“I saw the writing on the wall when it came to investment banking as a long-term career,” says the 2012 MBA graduate, who after stints in New York and London with Citi, now works for Procter & Gamble (PG) in Cincinnati.
Kingery initially saw banking as the ideal springboard into a corporate finance career and thought he would return to it after school before making the transition. But with less pay and job stability on the horizon, he jumped ship sooner, swapping Wall Street’s perks for those of the Midwest—namely, a yard, more reliable hours, and a puppy named Annie.
“I still get grief from my friends in New York when they think my life sounds pedestrian,” Kingery says. “But I wasn’t really ready to work 100 hours a week for something that didn’t have a clear payoff and career security.”
Wall Street companies have long been among the most popular destinations for MBAs, taking upwards of 40 percent of the graduating class at some schools. But as they slash pay and visit campus with lower hiring targets, many students are thinking twice.
Almost 20 percent of financial-services employees around the world won’t get year-end bonuses, according to Options Group, an executive-search company that advises banks on pay. At the Harvard Business School, base salaries and signing bonuses for students headed to investment banking were unchanged from last year, while further guaranteed compensation for those students fell to $8,750 from $40,000.
“The pay differential is no longer enough to win some people over,” says Stuart Imel, a class of 2013 MBA candidate at MIT Sloan School of Management, who said he is seeing classmates opt for lower compensation in consulting and corporate finance—as well as head to more diverse locations—in return for more flexible work schedules.
At Stanford’s Graduate School of Business, the most selective U.S. B-school according to Bloomberg Businessweek data, the number of 2012 MBAs headed to financial services dropped to 32 percent, from 36 percent the prior year. Grads headed to the tech industry jumped to 24 percent from 13 percent.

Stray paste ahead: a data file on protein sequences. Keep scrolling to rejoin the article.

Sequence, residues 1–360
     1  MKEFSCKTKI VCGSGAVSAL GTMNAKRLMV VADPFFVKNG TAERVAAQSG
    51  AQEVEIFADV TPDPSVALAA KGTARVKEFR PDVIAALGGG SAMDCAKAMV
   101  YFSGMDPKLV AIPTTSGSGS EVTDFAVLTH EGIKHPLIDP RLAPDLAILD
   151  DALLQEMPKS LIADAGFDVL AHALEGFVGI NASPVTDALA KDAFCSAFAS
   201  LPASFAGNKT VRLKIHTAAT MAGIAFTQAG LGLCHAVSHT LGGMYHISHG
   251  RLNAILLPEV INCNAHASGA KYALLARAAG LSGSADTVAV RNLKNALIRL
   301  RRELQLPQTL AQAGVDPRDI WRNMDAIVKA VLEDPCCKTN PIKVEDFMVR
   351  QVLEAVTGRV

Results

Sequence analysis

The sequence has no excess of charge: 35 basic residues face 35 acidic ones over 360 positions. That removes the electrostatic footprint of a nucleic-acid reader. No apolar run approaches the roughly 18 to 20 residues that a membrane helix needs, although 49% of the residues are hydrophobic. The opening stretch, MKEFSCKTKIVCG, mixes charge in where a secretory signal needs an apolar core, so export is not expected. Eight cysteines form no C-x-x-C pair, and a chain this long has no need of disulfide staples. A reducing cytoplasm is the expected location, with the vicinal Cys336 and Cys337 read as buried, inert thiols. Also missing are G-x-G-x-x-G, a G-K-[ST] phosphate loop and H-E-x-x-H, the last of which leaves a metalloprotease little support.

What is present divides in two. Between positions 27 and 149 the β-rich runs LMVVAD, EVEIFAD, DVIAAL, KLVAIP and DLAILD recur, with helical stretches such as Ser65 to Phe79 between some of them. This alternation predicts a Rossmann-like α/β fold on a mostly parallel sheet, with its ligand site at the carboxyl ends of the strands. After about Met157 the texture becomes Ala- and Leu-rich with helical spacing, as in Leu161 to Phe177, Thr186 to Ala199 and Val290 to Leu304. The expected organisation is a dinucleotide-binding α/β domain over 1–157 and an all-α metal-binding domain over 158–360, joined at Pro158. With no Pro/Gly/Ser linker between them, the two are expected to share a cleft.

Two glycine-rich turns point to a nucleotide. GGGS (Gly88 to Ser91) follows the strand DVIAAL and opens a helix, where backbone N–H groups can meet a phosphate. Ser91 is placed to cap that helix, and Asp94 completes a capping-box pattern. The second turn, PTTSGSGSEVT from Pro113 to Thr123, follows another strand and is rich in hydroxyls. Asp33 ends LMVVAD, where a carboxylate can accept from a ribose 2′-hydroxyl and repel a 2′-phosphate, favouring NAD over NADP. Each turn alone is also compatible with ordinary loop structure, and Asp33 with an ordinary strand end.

The diversity of companies recruiting at the school means “students are being very thoughtful about what they go after,” says Stanford GSB’s career services director Pulin Sanghvi.
He adds that the big investment banks have responded by recruiting in a more personalized way than ever before, emphasizing long-term career opportunities in such areas as private wealth management. He also notes that the banks are increasingly focused on hiring back seasoned analysts: Of the Stanford MBA graduates that headed to investment banking in 2011, 50 percent had prior experience at a bank, vs. just 7 percent in 2008. Sanghvi also believes banks are promoting from within, making it more attractive for employees to forgo business school altogether.
Many MBA students have long seen investment banking jobs as preparation for second careers, conferring on them instant financial credibility and the added perk of quickly paying off student loans. For some on campus, that attitude appears to be changing, too.
“I think we have a lot of students interested in going straight to what they see themselves doing longer-term,” says Maryellen Lamb, career services director at the Wharton School.
At Booth, Julie Morton, associate dean of career services and corporate relations says: “Students who were considering going into banking because it sounded like the natural path—and [they] hadn’t done a lot of soul searching—I think those students have absolutely been deterred.”
Bloomberg data show that more than 200,000 financial-services jobs disappeared in 2011. This year, 42 percent of business schools reported a decline in financial-services recruiting, according to the MBA Career Services Council. At the most selective schools, the decline may be mutual. As Regina Resnick, career services director at Columbia Business School, puts it: “Sure, there are fewer opportunities, but I think you’re also seeing fewer shoppers.”